The ROOT Report: A Healthier Path for Youth





The problem of hunger is complex, and the best solutions often tackle multiple issues at once. GrowingChange, a youth rehabilitation and community education project in North Carolina, is taking on high rates of youth incarceration, food insecurity in rural communities, veteran unemployment and access to quality education.

Photo Courtesy of Noran Sanford

The idea seems simple: provide young people at risk of entering the criminal justice system with an alternative path by teaching them about sustainable agriculture. But GrowingChange is so much more than a youth rehabilitation program, bringing together the entire community around a common cause: sustainable and nutritious food. Together, they are transforming an abandoned prison into housing facilities for food production, education and community activities. GrowingChange has found that when you bring people together around something as fundamental as tending to the land, you can surface other community issues like nutrition, employment, education and environmental sustainability and find holistic solutions.

Young people can volunteer at GrowingChange and get hands-on experience with growing and harvesting produce, composting and even beekeeping. They are taught by returning veterans, who often struggle to find work. The food they produce is distributed through a CSA, at farmers markets, and to local businesses. Resulting revenue is used to sustain the program, making it financially self-sufficient. GrowingChange also welcomes students from nearby universities as interns and provides community amenities such as a museum and gallery spaces.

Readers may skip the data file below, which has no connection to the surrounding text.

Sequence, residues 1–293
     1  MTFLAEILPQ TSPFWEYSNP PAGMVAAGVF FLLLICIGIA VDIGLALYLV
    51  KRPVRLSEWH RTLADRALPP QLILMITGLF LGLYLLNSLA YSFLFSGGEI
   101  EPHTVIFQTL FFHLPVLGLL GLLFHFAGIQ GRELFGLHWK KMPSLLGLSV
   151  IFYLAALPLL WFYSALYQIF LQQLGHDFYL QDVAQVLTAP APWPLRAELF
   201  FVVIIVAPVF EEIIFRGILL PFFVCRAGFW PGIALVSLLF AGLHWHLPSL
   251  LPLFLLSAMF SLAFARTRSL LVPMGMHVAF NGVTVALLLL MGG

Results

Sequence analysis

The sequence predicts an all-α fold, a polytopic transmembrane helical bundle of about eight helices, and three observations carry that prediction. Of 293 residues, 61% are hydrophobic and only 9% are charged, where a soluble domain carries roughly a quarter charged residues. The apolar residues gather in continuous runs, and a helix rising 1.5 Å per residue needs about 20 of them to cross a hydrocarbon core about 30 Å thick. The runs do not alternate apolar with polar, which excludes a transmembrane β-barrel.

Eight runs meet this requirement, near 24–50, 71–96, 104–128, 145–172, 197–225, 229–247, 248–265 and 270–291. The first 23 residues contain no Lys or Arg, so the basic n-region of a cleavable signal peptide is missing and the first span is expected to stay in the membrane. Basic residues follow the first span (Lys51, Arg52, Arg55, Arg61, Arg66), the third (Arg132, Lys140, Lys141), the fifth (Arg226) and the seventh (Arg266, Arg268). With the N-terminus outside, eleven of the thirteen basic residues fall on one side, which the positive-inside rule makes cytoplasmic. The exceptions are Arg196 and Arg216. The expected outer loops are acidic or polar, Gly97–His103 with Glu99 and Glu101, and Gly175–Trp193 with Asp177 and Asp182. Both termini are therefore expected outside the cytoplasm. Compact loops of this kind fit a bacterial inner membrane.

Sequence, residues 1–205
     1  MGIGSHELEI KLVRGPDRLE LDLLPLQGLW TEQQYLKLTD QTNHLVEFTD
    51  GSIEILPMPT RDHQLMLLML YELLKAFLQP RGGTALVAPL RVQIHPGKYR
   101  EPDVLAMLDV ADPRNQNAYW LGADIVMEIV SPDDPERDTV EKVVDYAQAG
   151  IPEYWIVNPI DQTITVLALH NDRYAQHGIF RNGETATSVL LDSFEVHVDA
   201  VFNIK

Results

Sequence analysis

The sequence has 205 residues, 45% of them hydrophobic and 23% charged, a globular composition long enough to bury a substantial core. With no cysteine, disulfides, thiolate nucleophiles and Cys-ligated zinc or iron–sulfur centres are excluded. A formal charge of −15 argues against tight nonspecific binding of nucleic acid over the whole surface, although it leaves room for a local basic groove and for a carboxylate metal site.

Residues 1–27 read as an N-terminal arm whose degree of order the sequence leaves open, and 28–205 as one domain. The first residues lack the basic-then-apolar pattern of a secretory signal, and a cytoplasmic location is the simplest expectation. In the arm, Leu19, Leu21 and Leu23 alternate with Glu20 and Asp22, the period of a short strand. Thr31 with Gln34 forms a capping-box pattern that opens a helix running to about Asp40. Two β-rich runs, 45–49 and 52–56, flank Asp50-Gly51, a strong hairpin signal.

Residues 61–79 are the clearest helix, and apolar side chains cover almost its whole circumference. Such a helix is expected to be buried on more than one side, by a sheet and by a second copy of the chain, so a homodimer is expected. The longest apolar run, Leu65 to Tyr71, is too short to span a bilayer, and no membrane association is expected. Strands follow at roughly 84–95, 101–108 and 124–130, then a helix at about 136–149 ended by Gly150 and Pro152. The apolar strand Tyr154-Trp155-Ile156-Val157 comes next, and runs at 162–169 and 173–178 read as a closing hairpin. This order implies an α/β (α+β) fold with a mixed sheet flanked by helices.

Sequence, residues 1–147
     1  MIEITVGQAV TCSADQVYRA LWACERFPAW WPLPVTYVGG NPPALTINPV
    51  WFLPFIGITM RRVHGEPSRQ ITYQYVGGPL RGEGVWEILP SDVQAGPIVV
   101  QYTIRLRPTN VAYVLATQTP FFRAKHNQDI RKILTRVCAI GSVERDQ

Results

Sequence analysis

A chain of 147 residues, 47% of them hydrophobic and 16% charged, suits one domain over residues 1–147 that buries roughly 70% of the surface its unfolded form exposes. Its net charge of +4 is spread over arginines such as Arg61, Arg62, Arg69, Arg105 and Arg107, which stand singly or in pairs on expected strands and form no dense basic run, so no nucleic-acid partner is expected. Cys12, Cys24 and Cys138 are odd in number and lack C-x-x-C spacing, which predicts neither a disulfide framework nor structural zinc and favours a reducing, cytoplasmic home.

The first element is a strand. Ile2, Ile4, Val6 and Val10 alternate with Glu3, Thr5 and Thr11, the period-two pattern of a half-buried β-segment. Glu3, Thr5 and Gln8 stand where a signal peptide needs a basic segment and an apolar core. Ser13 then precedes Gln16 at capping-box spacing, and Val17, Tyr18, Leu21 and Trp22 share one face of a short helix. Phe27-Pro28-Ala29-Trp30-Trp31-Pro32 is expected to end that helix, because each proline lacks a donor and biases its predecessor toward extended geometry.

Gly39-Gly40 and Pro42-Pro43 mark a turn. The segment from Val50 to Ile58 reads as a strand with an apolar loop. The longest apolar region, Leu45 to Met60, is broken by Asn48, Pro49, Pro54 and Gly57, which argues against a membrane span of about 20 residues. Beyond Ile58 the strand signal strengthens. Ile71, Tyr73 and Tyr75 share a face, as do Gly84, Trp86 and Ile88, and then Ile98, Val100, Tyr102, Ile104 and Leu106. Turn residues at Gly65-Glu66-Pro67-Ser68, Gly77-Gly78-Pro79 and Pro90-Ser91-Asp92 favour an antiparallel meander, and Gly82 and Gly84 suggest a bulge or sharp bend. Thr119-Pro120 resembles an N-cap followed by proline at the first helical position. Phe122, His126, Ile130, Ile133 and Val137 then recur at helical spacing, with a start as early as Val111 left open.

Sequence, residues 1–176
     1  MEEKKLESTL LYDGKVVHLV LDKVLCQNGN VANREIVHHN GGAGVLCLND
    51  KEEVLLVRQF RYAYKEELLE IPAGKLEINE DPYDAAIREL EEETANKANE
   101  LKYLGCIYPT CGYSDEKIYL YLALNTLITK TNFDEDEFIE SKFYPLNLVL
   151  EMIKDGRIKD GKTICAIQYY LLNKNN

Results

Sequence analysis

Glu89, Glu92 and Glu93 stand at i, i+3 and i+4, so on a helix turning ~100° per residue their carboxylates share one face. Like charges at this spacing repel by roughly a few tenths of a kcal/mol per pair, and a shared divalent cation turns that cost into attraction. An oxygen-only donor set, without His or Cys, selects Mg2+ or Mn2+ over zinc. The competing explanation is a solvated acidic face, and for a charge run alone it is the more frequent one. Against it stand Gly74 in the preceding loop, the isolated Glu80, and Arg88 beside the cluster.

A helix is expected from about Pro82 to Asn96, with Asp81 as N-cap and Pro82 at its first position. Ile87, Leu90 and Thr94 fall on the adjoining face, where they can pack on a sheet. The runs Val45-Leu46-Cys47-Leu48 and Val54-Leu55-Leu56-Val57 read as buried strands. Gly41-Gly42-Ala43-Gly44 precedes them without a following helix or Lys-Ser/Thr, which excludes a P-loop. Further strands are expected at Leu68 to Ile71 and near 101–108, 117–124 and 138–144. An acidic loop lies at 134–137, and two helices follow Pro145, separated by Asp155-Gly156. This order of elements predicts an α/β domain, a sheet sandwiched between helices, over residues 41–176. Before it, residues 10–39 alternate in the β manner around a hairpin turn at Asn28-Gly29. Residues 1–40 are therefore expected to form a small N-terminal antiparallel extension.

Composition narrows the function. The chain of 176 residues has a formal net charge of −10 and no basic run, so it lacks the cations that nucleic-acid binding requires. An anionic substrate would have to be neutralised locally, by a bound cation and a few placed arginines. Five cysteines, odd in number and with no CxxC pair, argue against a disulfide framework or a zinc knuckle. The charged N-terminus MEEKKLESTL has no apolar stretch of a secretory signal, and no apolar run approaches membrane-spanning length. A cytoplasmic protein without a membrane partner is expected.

From 2018-2019, 371 youth were held in Youth Development Centers across North Carolina. Many of these centers are operating over their capacity and don’t provide adequate opportunities for education and self-development. In flipping an old prison, GrowingChange is replacing the traditional prison institution with a new model of rehabilitation, education and food production—a model that involves and benefits the wider community rather than focusing on isolation. “These formerly incarcerated young people were put in the position of leadership, to help us figure out the new question of what to do with old prisons,” says founder Noran Sanford to the News & Observer, “That puts them in a radically different position within the community.”

By rethinking our current food system and looking for alternative models of food production, we can help communities gain more regular access to healthy and nutritious food, provide education and employment opportunities where they are lacking, and create new and more effective ways to keep youth out of detention centers and in positions of leadership in their communities.

For more on the great work GrowingChange is doing, click here.


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